I should've watched Groundhog Day today, but I've seen it pretty recently, so I dug a little deeper into my VHS collection (yes) and pulled out yet another one of my favorites: Big, which I've been thinking about this past month. It's definitely one of those movies I watch differently now that I'm older. I was a lot closer to 13 when I first saw it. It appealed to me as an adventure story. And now, almost 20 years later, I'm closer to the age of "big" Josh played by Tom Hanks. I still sometimes feel, as do many, like someone who went to sleep a kid one night and woke up an adult. But of course now I also identify with the girlfriend character who looks at her life a little more closely after meeting this kid-in-an-adult's-body or laughs at the proposal, toward the end of the movie, to come and be a teenage girl again. It's also of course a story about coming to New York. The scene where Josh spends his first night in the "St. James Hotel," listening to the screams and gunshots from outside -- this was the '80s, after all -- reminded me of that pang of uncertainty and loneliness I had on my first night in my new city apartment. There's also that Our Town-like moment where big Josh goes back to his Jersey neighborhood and looks around at all the joys of being young and realizes it's something he doesn't want to miss.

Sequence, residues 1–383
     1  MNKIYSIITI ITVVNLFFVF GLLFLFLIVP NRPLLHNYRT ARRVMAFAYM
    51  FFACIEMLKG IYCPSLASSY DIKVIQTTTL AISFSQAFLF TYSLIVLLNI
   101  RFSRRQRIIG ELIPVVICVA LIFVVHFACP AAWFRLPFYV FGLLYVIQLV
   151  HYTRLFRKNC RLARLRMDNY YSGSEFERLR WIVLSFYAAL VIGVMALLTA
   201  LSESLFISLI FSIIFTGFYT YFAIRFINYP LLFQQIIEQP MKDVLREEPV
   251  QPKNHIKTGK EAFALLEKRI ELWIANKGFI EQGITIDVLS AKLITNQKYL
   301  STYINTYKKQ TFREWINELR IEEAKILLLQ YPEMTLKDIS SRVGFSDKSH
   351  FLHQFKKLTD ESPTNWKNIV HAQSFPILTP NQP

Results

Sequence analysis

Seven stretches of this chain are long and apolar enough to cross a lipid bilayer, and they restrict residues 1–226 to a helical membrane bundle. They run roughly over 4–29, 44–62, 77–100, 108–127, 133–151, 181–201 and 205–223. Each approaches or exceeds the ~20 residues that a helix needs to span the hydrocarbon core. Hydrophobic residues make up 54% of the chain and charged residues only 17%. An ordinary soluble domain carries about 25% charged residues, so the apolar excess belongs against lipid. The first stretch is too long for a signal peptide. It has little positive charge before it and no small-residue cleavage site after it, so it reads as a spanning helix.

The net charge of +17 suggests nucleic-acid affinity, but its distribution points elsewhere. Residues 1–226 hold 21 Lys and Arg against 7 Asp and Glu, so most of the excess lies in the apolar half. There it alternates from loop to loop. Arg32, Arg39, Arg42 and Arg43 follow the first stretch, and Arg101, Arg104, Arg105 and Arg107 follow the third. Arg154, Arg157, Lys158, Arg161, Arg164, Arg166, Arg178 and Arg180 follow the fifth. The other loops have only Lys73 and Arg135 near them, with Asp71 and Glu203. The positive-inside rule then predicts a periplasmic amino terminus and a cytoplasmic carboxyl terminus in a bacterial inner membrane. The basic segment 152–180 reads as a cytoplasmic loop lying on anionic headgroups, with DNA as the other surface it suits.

There's something in so many of the scenes that rings true. It's a bittersweet movie, but that's what makes it realistic, even with its central fantastical element. That's also why I'm not surprised at this bit of trivia from IMDB: "The original ending for this film included a scene in which Josh is in class, and a "new girl in school" is brought into the classroom. Her similarity to 'Elizabeth Perkins' and a reaction shot from Josh imply that this is Susan, having also become young. The scene was cut after poor response in test screenings."